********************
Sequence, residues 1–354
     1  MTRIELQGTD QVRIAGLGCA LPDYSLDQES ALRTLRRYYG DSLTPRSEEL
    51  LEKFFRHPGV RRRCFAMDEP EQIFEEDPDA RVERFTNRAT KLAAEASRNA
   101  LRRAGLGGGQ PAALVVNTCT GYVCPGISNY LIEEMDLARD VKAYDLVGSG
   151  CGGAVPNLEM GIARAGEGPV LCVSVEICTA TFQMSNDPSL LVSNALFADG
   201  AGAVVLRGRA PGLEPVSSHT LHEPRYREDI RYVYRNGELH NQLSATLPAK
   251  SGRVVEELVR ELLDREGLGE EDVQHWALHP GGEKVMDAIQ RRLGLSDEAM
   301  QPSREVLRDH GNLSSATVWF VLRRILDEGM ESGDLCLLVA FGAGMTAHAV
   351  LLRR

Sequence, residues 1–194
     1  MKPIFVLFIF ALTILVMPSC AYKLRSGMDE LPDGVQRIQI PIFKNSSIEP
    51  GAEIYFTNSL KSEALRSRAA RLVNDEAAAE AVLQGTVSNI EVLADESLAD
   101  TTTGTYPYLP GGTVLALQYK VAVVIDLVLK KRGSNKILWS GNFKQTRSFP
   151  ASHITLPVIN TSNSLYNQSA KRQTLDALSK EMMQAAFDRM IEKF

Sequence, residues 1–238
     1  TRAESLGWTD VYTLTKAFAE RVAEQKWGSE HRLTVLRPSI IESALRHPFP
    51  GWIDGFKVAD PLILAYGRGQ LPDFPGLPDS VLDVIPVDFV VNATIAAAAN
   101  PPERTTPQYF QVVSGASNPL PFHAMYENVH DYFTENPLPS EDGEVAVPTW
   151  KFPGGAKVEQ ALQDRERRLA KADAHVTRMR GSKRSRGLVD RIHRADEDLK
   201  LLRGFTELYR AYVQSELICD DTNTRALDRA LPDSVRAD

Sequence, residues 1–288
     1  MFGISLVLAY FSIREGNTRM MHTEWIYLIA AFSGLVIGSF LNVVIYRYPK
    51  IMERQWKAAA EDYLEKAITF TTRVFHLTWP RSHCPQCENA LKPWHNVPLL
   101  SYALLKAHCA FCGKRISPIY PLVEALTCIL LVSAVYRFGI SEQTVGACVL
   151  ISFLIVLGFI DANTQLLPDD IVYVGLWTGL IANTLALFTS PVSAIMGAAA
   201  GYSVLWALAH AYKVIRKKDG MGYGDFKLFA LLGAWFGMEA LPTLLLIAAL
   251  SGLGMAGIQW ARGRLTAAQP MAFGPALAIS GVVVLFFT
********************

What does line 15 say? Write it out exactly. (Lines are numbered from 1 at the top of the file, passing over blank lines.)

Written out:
Sequence, residues 1–238